When Bringing In Your Houseplants, Leave The Bugs Out
If you haven’t done so already, this is the time to start bringing in your houseplants. Though they love the bright sun and warm breezes of Maryland’s beautiful summers, they aren’t very keen on the frosty nights that come in the fall. Just as summer vacation must end for the kids, it must also end for your houseplants. When you’re ready to change their scenery, make sure that there aren’t any squatters residing with your plant before they make the pilgrimage inside.
Types Of Plant Dwellers – Pest Control Service
There are two types of bugs that can hitchhike on your indoor plants, and you don’t want either of them to make it through the door.
• Leaf dwelling bugs include aphids, spider mites, gnats, spiders, and mealy bugs.
• Soil dwelling bugs can include slugs, sow bugs, earwigs, fungus gnats, and ants.
In order to be free and clear of all of them, you’ll need to take a few steps to make sure that plants are ready to come in. Inspection is the first line of defense, so checking out the leaves and soil is a good place to begin. In order to make sure that you find, and eliminate, all of the dwellers before bringing in houseplants, try this method for small to medium plants.
Giving Your Houseplants A Bath
• Fill a 5 gallon bucket with water and add a few squirts of a mild liquid soap. (Do not use a soap that contains degreasers or detergents.)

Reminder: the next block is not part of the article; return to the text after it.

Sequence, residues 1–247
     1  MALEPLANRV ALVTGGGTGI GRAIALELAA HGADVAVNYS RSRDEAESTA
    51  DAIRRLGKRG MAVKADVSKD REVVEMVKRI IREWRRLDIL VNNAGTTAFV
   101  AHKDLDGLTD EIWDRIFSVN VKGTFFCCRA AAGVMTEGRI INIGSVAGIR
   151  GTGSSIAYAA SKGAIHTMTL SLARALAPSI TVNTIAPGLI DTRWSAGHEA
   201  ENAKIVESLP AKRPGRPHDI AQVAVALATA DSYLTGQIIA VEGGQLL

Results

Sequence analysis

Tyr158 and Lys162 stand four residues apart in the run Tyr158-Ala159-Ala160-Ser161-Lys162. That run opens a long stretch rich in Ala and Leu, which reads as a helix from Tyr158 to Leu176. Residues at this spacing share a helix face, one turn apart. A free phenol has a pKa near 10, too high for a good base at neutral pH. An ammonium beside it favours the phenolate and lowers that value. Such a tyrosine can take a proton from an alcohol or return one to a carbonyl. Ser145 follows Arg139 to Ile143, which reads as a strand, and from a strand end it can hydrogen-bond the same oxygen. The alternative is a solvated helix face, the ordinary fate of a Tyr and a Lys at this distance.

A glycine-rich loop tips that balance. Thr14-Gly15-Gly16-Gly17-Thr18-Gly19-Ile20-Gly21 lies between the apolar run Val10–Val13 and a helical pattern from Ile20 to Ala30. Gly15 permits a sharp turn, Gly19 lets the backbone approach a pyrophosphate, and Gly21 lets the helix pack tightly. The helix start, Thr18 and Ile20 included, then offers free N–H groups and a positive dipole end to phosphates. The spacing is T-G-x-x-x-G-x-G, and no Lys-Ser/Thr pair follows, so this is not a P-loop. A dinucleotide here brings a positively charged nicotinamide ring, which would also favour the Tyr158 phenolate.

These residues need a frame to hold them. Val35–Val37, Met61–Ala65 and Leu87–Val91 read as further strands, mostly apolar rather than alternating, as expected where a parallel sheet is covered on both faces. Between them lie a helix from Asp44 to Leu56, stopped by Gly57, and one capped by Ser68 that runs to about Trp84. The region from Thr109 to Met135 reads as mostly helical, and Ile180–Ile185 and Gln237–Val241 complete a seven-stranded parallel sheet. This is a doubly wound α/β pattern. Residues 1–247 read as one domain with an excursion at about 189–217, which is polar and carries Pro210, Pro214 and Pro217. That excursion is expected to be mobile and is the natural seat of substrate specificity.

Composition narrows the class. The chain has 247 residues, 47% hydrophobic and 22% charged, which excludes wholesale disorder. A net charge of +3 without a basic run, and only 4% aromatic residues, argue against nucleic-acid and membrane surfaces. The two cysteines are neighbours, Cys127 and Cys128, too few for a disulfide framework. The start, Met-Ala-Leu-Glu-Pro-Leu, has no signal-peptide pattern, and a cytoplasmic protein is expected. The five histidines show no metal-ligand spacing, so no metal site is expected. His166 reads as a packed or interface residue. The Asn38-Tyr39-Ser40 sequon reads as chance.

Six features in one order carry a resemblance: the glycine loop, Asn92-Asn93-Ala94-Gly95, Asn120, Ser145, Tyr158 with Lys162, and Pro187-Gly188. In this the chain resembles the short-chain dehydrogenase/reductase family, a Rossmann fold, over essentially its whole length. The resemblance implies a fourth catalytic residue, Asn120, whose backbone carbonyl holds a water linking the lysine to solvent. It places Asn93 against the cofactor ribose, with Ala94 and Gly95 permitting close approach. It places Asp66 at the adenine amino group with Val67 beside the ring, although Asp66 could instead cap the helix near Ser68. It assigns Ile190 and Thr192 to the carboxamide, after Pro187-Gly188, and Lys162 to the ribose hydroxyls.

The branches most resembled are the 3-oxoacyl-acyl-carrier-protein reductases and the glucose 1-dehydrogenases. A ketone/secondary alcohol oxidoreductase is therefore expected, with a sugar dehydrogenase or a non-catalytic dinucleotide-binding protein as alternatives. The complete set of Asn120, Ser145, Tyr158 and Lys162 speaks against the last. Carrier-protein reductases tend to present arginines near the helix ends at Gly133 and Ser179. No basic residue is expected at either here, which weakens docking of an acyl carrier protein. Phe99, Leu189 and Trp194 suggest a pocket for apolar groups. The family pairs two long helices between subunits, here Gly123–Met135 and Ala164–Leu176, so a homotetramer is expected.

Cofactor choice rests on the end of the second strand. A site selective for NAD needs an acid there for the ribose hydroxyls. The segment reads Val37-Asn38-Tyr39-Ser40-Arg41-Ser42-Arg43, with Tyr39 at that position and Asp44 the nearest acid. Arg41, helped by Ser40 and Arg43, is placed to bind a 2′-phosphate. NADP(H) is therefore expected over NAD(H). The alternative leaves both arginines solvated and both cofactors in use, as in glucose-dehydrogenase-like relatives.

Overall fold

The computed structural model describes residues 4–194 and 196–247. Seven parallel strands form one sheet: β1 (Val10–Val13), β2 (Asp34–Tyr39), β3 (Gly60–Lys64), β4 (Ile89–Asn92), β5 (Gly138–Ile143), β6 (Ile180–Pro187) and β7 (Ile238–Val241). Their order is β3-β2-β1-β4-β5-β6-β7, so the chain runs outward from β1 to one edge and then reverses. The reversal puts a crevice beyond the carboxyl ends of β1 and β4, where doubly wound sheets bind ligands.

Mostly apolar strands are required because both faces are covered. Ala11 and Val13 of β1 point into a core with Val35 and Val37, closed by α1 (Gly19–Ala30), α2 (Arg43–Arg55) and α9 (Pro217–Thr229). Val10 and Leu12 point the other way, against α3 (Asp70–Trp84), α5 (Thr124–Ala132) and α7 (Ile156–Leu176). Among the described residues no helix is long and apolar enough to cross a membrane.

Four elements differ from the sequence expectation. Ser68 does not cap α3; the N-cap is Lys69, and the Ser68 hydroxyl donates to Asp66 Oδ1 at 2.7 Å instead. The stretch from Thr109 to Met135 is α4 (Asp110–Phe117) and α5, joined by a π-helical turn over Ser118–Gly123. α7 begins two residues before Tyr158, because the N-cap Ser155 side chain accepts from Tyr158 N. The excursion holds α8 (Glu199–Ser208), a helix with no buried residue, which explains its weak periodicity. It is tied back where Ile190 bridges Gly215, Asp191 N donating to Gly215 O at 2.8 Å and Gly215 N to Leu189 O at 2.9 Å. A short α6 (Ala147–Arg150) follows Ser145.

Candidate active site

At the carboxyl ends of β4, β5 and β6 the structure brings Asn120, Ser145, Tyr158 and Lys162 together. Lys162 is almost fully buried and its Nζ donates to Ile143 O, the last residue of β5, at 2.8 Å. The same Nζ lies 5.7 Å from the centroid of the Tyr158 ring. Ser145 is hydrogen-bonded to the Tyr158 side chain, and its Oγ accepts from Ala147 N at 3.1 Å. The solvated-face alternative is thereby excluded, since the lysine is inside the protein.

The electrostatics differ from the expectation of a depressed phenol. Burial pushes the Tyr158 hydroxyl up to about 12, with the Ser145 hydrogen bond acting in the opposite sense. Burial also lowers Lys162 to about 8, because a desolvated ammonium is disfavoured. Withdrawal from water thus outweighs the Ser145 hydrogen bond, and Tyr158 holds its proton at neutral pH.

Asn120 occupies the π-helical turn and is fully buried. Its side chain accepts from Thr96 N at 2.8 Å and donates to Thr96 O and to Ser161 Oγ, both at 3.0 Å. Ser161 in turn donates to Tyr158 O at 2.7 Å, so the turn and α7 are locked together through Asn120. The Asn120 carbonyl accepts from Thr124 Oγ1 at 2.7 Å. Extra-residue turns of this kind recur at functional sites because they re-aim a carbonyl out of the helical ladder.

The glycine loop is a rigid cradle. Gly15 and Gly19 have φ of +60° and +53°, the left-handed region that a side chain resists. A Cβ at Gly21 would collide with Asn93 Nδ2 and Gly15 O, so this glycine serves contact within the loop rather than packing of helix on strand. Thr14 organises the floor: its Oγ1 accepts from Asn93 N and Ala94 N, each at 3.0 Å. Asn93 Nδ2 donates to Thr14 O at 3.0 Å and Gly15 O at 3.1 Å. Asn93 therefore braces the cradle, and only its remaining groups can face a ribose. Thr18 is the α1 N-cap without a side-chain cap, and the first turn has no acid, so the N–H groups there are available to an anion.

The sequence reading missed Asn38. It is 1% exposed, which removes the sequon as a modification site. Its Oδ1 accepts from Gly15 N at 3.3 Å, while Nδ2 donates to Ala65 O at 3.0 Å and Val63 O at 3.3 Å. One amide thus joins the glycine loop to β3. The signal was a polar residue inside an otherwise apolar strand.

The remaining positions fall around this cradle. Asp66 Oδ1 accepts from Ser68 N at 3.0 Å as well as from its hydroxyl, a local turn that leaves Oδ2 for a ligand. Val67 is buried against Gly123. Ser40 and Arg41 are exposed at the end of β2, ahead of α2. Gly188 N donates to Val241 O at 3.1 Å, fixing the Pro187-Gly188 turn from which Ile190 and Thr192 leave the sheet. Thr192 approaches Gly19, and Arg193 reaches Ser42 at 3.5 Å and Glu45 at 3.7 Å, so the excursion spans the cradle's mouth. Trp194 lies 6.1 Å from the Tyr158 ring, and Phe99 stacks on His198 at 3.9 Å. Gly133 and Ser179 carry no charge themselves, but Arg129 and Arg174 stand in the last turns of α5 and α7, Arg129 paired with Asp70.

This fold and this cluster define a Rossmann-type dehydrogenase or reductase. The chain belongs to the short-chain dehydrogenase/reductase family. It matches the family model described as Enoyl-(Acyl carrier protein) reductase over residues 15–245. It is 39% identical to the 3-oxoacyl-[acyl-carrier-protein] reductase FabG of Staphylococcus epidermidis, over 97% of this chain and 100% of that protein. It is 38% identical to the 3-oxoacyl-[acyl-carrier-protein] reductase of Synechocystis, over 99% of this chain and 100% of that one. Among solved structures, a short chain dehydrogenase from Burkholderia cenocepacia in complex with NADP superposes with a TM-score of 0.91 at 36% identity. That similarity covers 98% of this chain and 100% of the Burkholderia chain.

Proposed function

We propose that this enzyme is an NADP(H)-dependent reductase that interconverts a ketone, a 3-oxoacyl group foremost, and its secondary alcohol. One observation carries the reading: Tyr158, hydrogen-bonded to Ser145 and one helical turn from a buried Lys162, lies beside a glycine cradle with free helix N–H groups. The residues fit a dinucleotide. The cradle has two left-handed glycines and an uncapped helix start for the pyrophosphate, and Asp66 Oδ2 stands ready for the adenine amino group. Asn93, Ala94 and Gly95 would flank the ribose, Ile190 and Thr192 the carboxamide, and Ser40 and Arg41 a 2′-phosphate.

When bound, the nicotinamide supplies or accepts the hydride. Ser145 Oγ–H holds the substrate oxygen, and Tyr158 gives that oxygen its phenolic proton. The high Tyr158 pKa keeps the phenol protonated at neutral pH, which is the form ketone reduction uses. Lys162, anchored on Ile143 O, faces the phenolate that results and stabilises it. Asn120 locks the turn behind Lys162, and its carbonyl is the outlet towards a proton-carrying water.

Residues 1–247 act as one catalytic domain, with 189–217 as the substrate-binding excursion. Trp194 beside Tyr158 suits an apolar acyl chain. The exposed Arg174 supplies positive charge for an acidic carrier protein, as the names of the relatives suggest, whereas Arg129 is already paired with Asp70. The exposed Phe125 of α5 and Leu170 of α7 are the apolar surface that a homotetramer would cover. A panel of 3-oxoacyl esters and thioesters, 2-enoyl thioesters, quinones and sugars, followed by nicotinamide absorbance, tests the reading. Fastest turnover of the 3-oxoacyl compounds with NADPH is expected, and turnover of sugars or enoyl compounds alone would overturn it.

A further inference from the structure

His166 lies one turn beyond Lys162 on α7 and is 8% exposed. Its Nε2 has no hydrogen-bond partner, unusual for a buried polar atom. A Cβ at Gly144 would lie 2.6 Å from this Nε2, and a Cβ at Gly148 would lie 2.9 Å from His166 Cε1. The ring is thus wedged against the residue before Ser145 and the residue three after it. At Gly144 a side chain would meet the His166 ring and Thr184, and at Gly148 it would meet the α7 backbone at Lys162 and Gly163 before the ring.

• Place your plant in the water, pot and all, and let soak for about 15 minutes. The soapy water will kill all leaf and soil dwellers. Dead leaves and other debris will rise to the surface of the water, making them easy to discard.
• Clean any leaves that are not submerged with an organic insecticidal soap.
Remove the plant from the tub and scrub outside of the pot with a brush.
• Rinse the entire plant (leaves and pot) with the garden hose to remove soap and dirt.
• Set plants aside and allow to drain before bringing houseplants indoors.Be sure to remove the debris and everything else that rises to the surface of the water before soaking your next plant.
For Bigger Houseplants
For plants that are too big to bathe in a bucket:
• Wash plant leaves and stems with soapy water (using a mild detergent).
• Rinse thoroughly with a garden hose.
That’s all you need to prepare your plants and your home for an insect-free winter.
If you still find that dwellers have invaded your home despite your best intentions, the next step is to contact a professional pest control service to remove them. Our dedicated staff is ready to remove your pest problems, no matter how small. Contact us before the first flakes fall from the sky for more information on getting your home de-bugged.